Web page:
Sep 16, 2016
Variety management guidelines start from farms

Extension specialist Samuel Essah conducts several research studies every year with the objective of developing variety management guidelines for the successful, sustainable, and economic production of potatoes in the San Luis Valley.

Several advanced potato clones selected from the Colorado potato breeding program are planted and evaluated on different grower fields under different management practices each year. Varieties tested on grower farms include Russets, Reds, Yellows, round whites and specialty varieties. Established potato varieties are planted alongside the advanced clones as a control to help determine the yield and quality advantage of newly developed varieties.

Advanced clones are planted in strips in grower fields. The grower (research cooperator) manages the planted varieties just as he/she manages his/her potatoes in the field, until vine kill. After vine kill, Essah and his crew harvest the potatoes and evaluate the crop for yield and quality. The yield and quality information obtained are discussed at the cultivar evaluation meeting held every fall at the San Luis Valley Research Center. Varieties that develop maximum yield compared to the control, and have passed the screening test for common potato diseases, are recommended for further testing. Advanced potato clones are tested for a minimum of two to three years on grower fields. Information on how the advanced clones were managed on the grower field is gathered to help develop management guidelines. Information gathered from grower cooperators include, nutrient management, plant population management, and irrigation water management. Varieties that appear to be promising, and are recommended by growers at the cultivar evaluation meetings are selected for intensive field management evaluation.

In addition new varieties are evaluated under replicated and randomized research trials at the San Luis Valley Research Center. Research studies conducted on the new varieties include nutrient management (nitrogen fertilizer management, potassium fertilizer management, phosphorus fertilizer management, and micronutrient management); plant population management (in-row seed spacing); irrigation water management; and response of varieties to soil amendments.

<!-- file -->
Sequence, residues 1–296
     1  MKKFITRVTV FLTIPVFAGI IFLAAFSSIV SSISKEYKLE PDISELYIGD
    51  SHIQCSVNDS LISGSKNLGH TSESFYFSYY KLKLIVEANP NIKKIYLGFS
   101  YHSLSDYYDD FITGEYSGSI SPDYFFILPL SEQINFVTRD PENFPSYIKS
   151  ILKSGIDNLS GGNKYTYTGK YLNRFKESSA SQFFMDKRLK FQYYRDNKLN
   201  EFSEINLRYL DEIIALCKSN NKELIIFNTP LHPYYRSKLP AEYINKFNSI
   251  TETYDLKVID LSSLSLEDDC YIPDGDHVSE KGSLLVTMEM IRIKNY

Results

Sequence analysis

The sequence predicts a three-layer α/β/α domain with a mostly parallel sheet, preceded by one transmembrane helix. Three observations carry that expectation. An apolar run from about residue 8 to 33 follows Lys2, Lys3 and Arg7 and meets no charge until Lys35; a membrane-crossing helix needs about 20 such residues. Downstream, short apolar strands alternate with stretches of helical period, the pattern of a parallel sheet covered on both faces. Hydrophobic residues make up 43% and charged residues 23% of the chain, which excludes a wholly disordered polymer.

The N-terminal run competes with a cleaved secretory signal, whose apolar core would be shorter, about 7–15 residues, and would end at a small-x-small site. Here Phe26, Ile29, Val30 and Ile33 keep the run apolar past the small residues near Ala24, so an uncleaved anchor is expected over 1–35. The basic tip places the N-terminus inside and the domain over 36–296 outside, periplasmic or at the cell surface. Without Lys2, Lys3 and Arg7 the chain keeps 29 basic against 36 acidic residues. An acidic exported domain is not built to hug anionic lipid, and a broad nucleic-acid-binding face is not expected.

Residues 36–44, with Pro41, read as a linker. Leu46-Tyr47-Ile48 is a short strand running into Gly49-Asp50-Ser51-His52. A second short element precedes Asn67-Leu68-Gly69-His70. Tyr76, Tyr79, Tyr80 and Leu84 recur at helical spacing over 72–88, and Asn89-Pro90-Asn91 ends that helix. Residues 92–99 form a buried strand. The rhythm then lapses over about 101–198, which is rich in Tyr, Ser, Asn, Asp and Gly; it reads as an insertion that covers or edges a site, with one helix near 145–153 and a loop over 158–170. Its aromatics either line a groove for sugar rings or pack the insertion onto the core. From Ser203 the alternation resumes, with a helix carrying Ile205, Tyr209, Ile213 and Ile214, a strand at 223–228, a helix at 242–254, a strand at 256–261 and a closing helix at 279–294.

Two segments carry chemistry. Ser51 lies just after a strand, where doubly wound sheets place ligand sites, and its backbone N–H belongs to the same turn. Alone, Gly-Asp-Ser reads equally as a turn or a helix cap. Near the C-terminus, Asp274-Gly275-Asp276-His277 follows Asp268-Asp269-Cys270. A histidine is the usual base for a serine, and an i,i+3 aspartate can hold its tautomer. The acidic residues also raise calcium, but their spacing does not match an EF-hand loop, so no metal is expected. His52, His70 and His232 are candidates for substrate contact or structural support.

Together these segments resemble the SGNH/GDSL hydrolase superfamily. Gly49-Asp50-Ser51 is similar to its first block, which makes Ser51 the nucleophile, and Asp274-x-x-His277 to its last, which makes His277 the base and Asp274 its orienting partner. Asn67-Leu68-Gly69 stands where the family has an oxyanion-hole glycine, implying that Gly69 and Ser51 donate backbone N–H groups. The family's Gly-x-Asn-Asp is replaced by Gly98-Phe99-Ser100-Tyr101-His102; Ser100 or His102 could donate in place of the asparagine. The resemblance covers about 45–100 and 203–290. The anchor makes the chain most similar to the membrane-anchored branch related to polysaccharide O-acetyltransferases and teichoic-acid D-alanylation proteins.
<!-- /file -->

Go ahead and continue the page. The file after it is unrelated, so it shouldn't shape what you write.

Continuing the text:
Every research study that is initiated for a new variety is repeated for two or three years to evaluate the performance of the variety over time. Results obtained are combined with grower management information for a particular variety, and the combined data are used to develop management guidelines for the new variety.

In 2016, sixteen potato varieties were grown in strips on six grower farms across the valley. The varieties included Russet – CO08065-2RU, CO08231-1RU, CO07015-4RU, CO07049-1RU, and Russet Norkotah (Sel. 8) as a check; yellow flesh potato – CO08155-2RU/Y, CO07131-1W/Y, CO07370-1W/Y, and Yukon Gold as a check; red skin potato – NDC081655-1R, and Sangre as a check; round whites – AC01144-1W, AC08094-2W, CO07070-10W, CO07070-13W, and Chipeta as a check.

Essah compiles this information annually in a comprehensive report. If you are interested here is a link for more information: http://potatoes.colostate.edu/wp-content/uploads/2014/02/2015-Research-Report-Book.pdf

— Samuel Essah, Colorado State University

Source: Colorado Potato Administrative Committee

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